Smart Talk: Will the eCMN work for you?

Sunday, July 31, 2005

Q. Three years ago, eCMNs came to the forefront as one of the greatest ways to cut costs since sliced bread, but no one is slicing bread, what gives? Is there really as much savings in operations as has been touted?
A. There is much more involved here than just a cost saving opportunity. First, it is important to recognize that new technology almost always takes longer to catch on than its originators expect. Not only do providers need to be sold, but so do the physician referral sources. Further, eCMNs "solve" a problem that does not exist for many providers, who find relatively little difficulty getting CMNs signed. Finally, diminishing face-to-face contact with physician offices is not something HME providers find desirable. It is also important to recognize the fallacy of efficiency being synonymous with cost savings. Too often technology providers offer a product that carries a real, out-of-pocket cost, while its purported benefit is a nebulous reduction in employee time. A marginal reduction in the time required by employees to complete job duties does not, by itself, result in increased profitability or cash flow. Only when this "efficiency" is followed by a reduction in gross wages paid by the organization is there an impact on the bottom line, and that is harder to do than simply buying into the latest technology. In the case of eCMNs, I would suggest that savings for providers are possible over the long term where geographic or demographic factors make collection of a manual signature on the CMN unusually time consuming. But, I do not see reducing the time to collect CMN signatures as one of the top cost savings opportunities for most HME providers.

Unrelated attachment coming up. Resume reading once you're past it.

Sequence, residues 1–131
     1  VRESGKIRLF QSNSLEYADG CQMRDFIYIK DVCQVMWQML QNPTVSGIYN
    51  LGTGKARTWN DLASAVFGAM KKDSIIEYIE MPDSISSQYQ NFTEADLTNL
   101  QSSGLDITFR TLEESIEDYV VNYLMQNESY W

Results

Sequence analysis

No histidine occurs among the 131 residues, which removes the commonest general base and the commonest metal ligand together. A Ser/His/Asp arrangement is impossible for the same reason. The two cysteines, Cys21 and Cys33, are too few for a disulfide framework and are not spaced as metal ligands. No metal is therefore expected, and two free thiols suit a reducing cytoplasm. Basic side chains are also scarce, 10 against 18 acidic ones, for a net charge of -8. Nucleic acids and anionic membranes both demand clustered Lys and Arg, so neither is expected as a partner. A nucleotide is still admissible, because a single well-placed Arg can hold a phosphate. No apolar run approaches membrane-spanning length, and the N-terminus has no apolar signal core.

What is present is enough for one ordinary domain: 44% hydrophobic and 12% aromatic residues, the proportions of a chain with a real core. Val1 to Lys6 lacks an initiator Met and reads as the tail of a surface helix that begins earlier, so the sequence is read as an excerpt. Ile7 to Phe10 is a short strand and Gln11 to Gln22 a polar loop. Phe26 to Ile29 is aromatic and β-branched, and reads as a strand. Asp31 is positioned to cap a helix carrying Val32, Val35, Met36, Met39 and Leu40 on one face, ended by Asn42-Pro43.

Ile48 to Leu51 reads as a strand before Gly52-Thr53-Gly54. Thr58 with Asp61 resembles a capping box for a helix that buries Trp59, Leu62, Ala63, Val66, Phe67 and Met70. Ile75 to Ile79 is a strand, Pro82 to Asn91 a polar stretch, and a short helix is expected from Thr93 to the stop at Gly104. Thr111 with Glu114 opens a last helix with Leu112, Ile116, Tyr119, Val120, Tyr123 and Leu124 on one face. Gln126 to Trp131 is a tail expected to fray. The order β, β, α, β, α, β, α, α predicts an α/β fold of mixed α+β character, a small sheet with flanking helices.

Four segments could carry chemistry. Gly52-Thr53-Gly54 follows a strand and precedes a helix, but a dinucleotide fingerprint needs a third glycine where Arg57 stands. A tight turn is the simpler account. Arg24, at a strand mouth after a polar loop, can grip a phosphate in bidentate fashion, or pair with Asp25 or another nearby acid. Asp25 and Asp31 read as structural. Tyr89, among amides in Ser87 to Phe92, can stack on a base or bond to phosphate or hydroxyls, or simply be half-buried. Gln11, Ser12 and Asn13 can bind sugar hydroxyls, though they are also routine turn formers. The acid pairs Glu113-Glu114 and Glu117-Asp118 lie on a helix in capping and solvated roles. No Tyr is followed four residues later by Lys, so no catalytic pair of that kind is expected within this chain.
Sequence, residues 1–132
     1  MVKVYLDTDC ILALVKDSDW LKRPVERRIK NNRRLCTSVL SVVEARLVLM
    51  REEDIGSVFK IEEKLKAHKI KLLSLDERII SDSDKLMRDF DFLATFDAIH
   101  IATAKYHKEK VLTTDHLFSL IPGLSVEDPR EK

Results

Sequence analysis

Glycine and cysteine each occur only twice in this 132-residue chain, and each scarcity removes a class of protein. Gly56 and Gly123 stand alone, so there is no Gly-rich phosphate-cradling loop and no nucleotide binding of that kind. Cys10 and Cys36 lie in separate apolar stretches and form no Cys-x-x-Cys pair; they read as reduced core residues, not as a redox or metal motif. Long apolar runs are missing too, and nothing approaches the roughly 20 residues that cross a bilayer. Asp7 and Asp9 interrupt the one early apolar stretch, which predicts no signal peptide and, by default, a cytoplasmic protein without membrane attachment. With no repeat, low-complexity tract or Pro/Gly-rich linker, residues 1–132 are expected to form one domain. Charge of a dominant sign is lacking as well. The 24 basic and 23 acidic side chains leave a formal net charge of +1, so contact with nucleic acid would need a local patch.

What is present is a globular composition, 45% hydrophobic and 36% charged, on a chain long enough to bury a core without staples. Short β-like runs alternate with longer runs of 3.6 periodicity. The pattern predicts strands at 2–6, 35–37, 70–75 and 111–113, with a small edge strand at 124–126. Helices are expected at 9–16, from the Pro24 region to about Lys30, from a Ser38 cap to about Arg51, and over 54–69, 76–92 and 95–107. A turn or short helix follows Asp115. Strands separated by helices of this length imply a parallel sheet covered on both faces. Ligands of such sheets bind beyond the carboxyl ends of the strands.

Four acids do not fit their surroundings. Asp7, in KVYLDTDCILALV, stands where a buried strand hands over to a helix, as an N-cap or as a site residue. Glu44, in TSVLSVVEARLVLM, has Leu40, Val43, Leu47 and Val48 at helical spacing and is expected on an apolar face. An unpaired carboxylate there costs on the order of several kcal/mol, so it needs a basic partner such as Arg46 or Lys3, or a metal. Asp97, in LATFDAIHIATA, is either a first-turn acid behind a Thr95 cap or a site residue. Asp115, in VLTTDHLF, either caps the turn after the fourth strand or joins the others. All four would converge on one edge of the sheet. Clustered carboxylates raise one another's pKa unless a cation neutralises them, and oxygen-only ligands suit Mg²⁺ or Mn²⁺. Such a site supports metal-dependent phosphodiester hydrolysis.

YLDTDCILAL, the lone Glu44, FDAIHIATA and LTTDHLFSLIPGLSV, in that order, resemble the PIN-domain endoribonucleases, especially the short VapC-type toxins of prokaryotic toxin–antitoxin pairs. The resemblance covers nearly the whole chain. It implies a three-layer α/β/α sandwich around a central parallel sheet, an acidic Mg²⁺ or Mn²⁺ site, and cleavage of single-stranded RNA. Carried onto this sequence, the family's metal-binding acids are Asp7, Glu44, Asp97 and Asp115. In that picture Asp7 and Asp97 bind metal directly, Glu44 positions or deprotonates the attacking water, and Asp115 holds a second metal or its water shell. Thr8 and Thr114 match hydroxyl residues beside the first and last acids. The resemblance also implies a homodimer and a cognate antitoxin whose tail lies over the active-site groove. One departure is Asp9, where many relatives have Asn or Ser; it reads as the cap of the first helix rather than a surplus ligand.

Mike Mallaro is CFO for the VGM Group. He can be reached at or (319) 235-7100.